Sunday, September 04, 2011

From my notepad

The 2011 FQXi conference was an interesting mix of people. The contributions from the life sciences admittedly caught my attention much more than those of the physicists. Thing is, I’ve heard Julian Barbour’s and Fotini Markopoulou’s talk before, I’ve seen Anthony Aguirre’s piano reassemble from dust before, and while I hadn’t heard Max Tegmark’s and George Ellis’ talk before I’ve read the respective papers. The discussions on physics conferences also seem to have a fairly short recursion time and it’s always the same arguments bouncing back and forth. One thing I learned from David Eagleman’s talk is that neuronal response decreases upon repetitive stimuli – so now I have a good excuse for my limited attention span in recursive discussions ;-)

All the talks on the conference were recorded and they should be on YouTube sooner or later. Stefan also just told me that the talks from the 2009 FQXi conference are on YouTube now. (My talk is here. Beware, despite the title, I didn’t actually speak on Pheno QG. Also, I can’t for the hell of it recall what that thing is I’m wearing.) Anyways, here is what I found on my notepad upon return, so you can decide what recording you might want to watch:

  • Mike Russell gave a very interesting talk on the origin of life or at least its molecular ancestors. He explained the conditions on our home planet 2 billion years ago and the chemical reactions he believes must have taken place back then. He claims that under these circumstances, it was almost certain that life would originate. With that he means a molecule very similar to ADP, the most important cellular energy source, is very easy to form under certain conditions that he claims were present in the environment. From there on, he says, it’s only a small step to protein synthesis, RNA and DNA and they are trying to “re-create” life in the lab.

    Chemical reactions flew by a little too fast on Russell’s slides, and it’s totally not my field, so I have no clue if what Russell says is plausible. Especially I don’t know how sure we really can be the environment was as he envisions. In any case, I took away the message that the molecular origins of life might not be difficult to create in the right environment. Somewhat disturbingly, in the question session he said he has trouble getting his work funded.

  • Kathleen McDermott, a psychologist from Washington University, reports the results of several studies in which they were trying to find out which brain regions are involved in recalling memory and imagining the future. Interestingly enough, in all brain regions they looked at, they found no difference in activity in between people recalling an event in the past and envisioning one in the future.

  • David Eagleman gave a very engaging talk about how our brains slice time and process information without confusing causality. The difficulty is that the time which different sensory inputs needs to reach your brain differs by the type and location of input, and also the time needed for processing that might differ from one part of the brain to the next. I learned for example that the processing of auditory information is faster than that of visual information. So what your brain does to sort out the mess is that it waits till all information has arrived, then presents you with the result and calls it “right now,” just that at this point it might be something like 100ms in the past actually.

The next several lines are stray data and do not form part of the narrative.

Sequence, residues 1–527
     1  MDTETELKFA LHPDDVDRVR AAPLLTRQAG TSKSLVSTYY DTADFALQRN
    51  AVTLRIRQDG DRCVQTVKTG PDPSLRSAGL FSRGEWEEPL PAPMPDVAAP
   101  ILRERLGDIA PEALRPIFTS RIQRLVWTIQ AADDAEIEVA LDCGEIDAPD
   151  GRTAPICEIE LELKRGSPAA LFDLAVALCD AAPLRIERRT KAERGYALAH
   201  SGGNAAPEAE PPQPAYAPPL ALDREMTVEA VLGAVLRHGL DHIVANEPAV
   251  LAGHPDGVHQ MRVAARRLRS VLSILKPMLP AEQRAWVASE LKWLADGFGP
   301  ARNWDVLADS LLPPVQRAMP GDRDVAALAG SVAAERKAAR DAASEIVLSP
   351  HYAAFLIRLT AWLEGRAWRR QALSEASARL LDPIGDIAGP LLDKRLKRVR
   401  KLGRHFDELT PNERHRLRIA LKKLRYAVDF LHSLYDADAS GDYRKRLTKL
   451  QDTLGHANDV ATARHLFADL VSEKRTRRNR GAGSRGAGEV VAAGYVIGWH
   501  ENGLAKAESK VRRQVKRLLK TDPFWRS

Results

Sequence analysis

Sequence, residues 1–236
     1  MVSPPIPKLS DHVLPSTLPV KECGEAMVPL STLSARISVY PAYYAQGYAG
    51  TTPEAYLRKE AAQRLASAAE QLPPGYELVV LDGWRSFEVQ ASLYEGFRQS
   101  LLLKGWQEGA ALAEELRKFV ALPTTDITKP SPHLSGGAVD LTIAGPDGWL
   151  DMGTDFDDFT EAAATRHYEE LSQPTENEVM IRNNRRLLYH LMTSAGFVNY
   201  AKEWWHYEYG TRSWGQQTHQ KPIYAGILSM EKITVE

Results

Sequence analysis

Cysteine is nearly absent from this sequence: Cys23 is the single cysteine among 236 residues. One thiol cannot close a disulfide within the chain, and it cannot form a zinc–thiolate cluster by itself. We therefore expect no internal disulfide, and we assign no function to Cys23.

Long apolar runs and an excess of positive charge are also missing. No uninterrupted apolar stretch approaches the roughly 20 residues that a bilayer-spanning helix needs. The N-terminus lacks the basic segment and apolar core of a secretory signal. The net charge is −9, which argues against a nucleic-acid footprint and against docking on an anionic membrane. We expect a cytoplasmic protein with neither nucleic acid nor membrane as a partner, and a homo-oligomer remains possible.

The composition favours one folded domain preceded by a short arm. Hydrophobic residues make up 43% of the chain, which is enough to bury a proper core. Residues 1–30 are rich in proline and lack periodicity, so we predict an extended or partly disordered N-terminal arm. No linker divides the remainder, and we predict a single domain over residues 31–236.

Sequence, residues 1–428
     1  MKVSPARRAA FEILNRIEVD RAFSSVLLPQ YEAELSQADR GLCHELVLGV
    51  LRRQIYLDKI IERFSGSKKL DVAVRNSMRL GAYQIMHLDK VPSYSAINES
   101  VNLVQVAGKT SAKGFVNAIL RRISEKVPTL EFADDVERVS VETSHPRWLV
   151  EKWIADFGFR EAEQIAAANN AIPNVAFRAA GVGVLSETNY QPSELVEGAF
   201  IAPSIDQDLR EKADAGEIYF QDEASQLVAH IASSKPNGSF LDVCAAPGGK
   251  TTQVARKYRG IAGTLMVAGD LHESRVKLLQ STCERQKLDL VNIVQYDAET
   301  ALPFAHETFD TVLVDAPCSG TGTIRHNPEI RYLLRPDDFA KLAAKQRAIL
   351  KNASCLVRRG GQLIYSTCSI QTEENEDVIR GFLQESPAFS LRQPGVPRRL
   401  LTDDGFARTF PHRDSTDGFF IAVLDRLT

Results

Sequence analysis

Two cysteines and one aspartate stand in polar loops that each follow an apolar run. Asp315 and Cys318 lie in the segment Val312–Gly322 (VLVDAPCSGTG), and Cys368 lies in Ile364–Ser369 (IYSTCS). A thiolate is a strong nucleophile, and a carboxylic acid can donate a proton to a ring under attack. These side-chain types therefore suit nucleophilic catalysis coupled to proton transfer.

Even more interesting is that your brain, well trained by evolution, goes to lengths to correct for mismatches. Eagleman told us for example that in the early days of TV broadcast, producers were worried that they wouldn’t be able to send audio and video sufficiently synchronized. Yet it turned out, that up to 20ms or so your brain erases a mismatch between audio and video. If it gets larger, all of a sudden you’ll notice it.

    Eagleman told us about several experiments they’ve made, but this one I found the most interesting: They let people push a button that would turn on a light. Then they delayed the light signal by some small amount of time 50ms or so past pushing the button (I might recall the numbers wrong, but the order of magnitude should be okay). People don’t notice any delay because, so the explanation, the brain levels it out. Now they insert one signal that comes without delay. What happens? People think the light went on before they even pushed the button and, since the causality doesn’t make sense, claim it wasn’t them! (Can you write an app for that?) Eagleman says that the brains ability to maintain temporal order, or failure to do so, might be a possible root of schizophrenia (roughly: you talk to yourself but get the time order wrong, so you believe somebody else is talking) and they’re doing some studies on that.

  • From Simon Saunders talk I took away the following quotation from a poem by Henry Austin Dobson on “The Paradox of Time:”

      “Time goes, you say? Ah no!
      Alas, Time stays, we go;
      Or else, were this not so,
      What need to chain the hours,
      For Youth were always ours?
      Time goes, you say?- ah no”

  • Malcom MacIver, who blogs at Discover, studies electric fish. If that makes you yawn, you should listen to his talk, because it is quite amazing how the electric fish have optimized their energy needs. MacIver also puts forward the thesis that the development of consciousness is tied to life getting out of water simply because in air one can see farther and thus arises the need for ahead planning. In a courageous extrapolation of that, he claims that our problem as a species on this planet is that we can’t “see” the problems in other parts of the world (e.g. starving children) and thus fail to properly react to them. I think that’s an oversimplification and I’m not even sure that is the main part of the problem, but it’s certainly an interesting thesis to think about. He has a 3 part series on posts about this here: Part I, Part II, Part III.